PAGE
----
Trent icing modification likely to extend to Airbus fleet

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Airbus A330s and A340s fitted with Rolls-Royce Trent engines appear likely to require the same anti-icing modifications to fuel-oil heat exchangers already demanded on Trent 800-powered Boeing 777s.

Ice build-up on Trent 800 heat exchangers is suspected in two engine roll-back events on 777s, including last year's British Airways crash at London Heathrow. The modification to the exchanger's front face - mandated by the European Aviation Safety Agency - is designed to prevent this ice congestion.

But in a submission to the US FAA, Airbus has revealed that the modification is likely to extend to Trent 700s, an option on A330s, and Trent 500s which are the sole powerplant on the A340-500/600.

It follows an incident involving an Etihad Airways A330-200 which performed a go-around at Manchester on 19 May this year.

Both Trent 700 engines initially responded correctly but, as the aircraft climbed away, the left-hand powerplant "stagnated" before recovering after being throttled back, says the Airbus document.

Airbus states that investigations point to fuel-flow restriction as the "probable cause of the roll-back". While there were differences in the Trent 700's response, compared with the earlier Trent 800 events, restriction from icing "cannot be ruled out".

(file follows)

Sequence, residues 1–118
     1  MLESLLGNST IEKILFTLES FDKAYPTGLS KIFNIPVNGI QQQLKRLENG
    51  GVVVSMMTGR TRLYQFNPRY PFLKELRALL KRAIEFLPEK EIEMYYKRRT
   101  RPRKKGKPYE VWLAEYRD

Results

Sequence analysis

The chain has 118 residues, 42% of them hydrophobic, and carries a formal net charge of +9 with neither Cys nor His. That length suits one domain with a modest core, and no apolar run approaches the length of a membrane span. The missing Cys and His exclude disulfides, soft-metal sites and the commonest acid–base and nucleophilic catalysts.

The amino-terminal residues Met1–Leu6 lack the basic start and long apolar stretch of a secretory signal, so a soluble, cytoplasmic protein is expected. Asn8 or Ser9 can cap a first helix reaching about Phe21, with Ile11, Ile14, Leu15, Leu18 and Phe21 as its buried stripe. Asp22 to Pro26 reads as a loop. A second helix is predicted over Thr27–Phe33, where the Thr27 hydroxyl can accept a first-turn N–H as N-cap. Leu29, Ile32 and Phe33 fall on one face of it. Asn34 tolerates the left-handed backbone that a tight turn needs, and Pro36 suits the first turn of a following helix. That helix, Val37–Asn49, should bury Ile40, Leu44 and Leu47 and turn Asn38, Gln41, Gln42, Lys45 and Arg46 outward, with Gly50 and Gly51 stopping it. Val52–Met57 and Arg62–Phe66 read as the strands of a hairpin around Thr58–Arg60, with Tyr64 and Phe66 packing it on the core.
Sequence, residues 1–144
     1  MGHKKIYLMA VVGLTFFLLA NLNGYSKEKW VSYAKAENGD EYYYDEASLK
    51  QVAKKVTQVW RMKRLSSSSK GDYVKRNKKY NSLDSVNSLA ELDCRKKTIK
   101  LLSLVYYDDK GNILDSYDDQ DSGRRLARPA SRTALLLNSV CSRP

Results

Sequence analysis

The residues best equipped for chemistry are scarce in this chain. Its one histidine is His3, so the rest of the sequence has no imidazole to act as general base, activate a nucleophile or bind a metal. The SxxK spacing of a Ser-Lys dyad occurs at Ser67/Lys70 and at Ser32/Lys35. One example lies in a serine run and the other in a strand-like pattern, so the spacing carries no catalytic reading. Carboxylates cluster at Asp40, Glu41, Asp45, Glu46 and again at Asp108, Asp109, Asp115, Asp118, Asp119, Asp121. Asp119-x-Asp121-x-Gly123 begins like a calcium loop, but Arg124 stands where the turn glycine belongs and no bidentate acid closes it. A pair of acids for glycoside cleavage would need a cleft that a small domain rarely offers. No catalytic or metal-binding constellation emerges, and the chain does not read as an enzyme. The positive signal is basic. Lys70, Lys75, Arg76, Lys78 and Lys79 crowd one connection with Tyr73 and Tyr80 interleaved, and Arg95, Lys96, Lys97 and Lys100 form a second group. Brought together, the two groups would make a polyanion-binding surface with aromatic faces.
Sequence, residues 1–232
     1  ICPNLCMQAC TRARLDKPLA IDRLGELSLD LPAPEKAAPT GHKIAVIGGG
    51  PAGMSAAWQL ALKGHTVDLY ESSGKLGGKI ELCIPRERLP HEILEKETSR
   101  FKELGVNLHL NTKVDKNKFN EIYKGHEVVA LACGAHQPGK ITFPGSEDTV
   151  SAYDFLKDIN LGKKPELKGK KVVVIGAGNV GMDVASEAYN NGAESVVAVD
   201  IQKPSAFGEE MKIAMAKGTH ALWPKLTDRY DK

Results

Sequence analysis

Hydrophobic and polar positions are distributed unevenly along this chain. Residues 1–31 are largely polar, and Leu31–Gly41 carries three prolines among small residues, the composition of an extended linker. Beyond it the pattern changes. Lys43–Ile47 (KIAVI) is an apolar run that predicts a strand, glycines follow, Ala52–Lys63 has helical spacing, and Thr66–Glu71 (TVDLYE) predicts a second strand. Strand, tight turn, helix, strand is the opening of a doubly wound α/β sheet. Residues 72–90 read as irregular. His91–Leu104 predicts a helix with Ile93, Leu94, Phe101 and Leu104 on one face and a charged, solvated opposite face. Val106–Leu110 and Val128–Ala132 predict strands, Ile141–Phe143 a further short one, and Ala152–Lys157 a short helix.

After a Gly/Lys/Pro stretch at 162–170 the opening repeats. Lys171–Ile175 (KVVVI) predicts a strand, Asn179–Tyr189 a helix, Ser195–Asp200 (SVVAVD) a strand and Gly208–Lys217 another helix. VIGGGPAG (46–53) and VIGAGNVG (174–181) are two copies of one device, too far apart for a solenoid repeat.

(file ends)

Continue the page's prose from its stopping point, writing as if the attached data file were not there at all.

"Given the ongoing investigation into this phenomenon, Airbus has taken a precautionary approach by adding [the Etihad event] to the numerical risk analysis," says the airframer.

European Aviation Safety Agency regulators mandated the Trent 800 change through an airworthiness directive on 13 July.

But Airbus says: "It is intended to issue a similar [airworthiness directive] on Airbus aircraft applicable for the Trent 500 and the Trent 700 engines."

It is seeking approval from the FAA to install modified heat exchangers on Trent 700- and Trent 500-powered aircraft. The airframer has requested a two-year window, starting in October, in order to allow certification of the improved heat-exchanger face at aircraft level.

"Even if the scale of the threat has still to be defined, the enhanced [exchanger] has more capability to sustain ice release from the aircraft fuel system and its introduction is a good precautionary measure," adds Airbus.